Prof. Margaret Baldwin
Playwriting Stars of the New South
By Lauren Highfill
Each summer, a unique theatre festival happens in Atlanta’s trendy Little Five Points area. This event, the New South Play Festival (NSPF), features some of the best and brightest local playwrights, including Kennesaw State faculty members and current students.
Margaret Baldwin, a KSU instructor of playwriting, has developed multiple plays over the years for the NSPF. Her play that was performed as a staged reading at this year’s festival in June was “Night Blooms,” a comedic drama about families in Selma, Ala., who were largely ignored by the media coverage during the civil rights marches of the 1960s. Baldwin is developing the piece in collaboration with Associate Professor Karen Robinson as director. The play also features acting by Assistant Professor Harrison Long.
“Most of the marchers in Selma were from out of town,” says Baldwin. “This play shows what it was like for the families living there in the midst of all this turmoil. Many of these families were in favor of change but caught in between extremes.”
“Night Blooms” serves the larger goal of the NSPF to present an out-of-the-box South through works by local playwrights, and the festival is helping to pass this message to the next generation. The New South Young Playwrights Contest and Festival challenges college and high school students to create and submit short plays for a chance to participate in the intensive one-week festival.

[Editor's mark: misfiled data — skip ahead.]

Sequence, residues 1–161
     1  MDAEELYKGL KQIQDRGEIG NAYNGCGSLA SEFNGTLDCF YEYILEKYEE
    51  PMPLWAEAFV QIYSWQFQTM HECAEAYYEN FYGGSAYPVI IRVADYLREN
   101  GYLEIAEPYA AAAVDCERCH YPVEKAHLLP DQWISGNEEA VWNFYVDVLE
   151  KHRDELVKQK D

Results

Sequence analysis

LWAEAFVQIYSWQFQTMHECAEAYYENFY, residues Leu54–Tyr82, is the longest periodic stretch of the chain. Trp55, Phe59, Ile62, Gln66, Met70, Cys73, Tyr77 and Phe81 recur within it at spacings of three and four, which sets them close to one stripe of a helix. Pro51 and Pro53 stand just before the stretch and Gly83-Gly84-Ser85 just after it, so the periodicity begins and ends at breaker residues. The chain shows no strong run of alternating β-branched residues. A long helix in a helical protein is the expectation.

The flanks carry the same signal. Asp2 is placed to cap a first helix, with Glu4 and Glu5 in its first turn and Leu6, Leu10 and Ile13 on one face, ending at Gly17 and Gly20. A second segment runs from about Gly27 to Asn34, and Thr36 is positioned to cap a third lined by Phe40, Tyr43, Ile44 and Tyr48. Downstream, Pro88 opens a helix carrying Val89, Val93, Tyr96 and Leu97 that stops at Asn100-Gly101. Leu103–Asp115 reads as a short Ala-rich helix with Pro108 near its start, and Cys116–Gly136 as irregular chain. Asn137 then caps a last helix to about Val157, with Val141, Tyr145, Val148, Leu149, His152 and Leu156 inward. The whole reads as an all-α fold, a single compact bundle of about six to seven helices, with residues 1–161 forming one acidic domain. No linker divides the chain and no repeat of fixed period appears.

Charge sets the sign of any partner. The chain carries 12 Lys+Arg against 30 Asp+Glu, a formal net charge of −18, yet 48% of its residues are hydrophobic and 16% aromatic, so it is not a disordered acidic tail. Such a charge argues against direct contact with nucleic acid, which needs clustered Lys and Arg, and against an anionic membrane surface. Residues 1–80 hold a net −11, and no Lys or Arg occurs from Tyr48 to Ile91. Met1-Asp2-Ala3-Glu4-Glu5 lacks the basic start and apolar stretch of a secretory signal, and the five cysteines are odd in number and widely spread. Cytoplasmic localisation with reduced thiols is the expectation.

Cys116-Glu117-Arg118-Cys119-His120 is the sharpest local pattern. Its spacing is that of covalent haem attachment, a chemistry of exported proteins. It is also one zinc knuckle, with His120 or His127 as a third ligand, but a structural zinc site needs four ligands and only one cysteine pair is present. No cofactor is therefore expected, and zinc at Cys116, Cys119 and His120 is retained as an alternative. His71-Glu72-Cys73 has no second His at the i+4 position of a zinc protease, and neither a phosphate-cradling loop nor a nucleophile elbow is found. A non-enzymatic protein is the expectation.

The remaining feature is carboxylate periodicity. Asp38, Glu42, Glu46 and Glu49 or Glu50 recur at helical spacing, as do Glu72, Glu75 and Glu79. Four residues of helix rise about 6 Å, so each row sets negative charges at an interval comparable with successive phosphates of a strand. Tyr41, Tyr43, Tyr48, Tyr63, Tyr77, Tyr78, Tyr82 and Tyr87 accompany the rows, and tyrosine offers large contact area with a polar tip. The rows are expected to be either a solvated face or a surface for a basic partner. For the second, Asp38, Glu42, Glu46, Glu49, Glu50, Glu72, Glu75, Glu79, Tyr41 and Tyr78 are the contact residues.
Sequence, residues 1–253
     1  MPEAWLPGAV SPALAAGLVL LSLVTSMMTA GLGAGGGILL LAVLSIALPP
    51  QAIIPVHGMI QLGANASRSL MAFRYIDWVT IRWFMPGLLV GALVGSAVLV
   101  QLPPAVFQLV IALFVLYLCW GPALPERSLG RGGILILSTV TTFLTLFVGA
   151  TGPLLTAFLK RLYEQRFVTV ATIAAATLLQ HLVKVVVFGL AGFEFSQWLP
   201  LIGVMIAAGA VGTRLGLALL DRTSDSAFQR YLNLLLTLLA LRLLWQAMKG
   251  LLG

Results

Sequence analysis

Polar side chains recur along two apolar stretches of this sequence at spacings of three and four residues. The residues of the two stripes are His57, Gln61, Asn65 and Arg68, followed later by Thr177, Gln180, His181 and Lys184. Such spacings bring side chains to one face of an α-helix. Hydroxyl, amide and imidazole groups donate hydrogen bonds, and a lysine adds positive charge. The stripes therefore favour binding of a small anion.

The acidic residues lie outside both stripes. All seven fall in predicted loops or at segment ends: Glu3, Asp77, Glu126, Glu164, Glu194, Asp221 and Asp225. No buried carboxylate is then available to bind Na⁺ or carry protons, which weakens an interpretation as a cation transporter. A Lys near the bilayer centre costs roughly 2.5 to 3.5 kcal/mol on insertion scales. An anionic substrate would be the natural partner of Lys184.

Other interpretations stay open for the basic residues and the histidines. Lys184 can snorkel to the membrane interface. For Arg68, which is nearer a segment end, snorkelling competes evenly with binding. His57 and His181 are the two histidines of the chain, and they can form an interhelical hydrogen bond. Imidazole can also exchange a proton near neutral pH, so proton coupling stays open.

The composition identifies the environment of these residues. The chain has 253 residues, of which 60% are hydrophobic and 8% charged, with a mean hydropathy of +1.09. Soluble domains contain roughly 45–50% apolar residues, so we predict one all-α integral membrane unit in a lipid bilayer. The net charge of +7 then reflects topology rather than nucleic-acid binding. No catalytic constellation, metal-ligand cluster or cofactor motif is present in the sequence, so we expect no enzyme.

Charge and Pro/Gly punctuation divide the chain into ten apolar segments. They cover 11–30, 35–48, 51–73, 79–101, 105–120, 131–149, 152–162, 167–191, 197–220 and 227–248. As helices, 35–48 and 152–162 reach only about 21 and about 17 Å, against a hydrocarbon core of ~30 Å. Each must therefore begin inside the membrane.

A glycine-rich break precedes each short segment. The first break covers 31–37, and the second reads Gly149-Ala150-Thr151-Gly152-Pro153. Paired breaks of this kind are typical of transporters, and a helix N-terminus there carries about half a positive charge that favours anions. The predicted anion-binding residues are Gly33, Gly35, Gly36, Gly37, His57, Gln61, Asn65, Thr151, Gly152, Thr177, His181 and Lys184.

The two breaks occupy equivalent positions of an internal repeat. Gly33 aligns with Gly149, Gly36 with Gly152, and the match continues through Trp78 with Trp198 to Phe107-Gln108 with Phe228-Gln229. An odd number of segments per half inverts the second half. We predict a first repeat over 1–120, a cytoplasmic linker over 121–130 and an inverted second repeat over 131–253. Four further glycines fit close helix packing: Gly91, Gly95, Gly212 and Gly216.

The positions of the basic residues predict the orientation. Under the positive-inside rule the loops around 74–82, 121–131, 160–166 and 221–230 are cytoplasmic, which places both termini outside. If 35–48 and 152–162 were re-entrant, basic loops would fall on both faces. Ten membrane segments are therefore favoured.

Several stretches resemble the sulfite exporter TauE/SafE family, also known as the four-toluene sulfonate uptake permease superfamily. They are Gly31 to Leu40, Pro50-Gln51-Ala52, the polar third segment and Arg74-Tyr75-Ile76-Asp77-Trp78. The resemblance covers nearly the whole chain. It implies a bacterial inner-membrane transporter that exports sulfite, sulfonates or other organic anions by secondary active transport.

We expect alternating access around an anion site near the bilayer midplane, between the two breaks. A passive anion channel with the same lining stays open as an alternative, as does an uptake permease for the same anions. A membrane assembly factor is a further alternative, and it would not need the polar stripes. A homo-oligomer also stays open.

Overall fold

Matt LaStar, a junior interdisciplinary studies major in playwriting and screenwriting, and Lark Hylton, a theatre and performance studies major with an emphasis in directing, were two of the fewer than 20 winners of the playwriting competition. Initially accepted with a dramatic play, LaStar decided to try his hand at writing a comedy during the one-week event. “It was fun,” he says. “It was very helpful writing every day, and the festival really gave you a foot in the door with the writing community in Atlanta.”
During the week, students were given learning opportunities that few had had before. “There were workshops, seminars and everyone was assigned their own dramaturg,” says LaStar. “I’d never had a chance to work individually with one.”
Hylton also experienced some firsts at this year’s event. She won a spot in the festival with the first play she had ever written and says, “I learned more in this festival than I could have imagined.” Beyond the intensive workshops and seminars for their plays, students learned valuable information about “different aspects of the playwriting business,” says Hylton. “All of these combined gave me confidence in my art.”
One of last year’s young playwriting contest winners, Tai Courtney, a junior theatre and performance studies major with a minor in dance, also says the festival affected his thoughts about playwriting. “It helped me move beyond the conventional methods of seeking inspiration as a writer. I discovered that the most mundane things in life can become breathtaking when seen through the eyes of a playwright.”
The one-week session for young playwrights culminated on June 2 with staged readings of the students’ short plays by professional actors, which was “nerve-racking but a great learning experience,” says LaStar.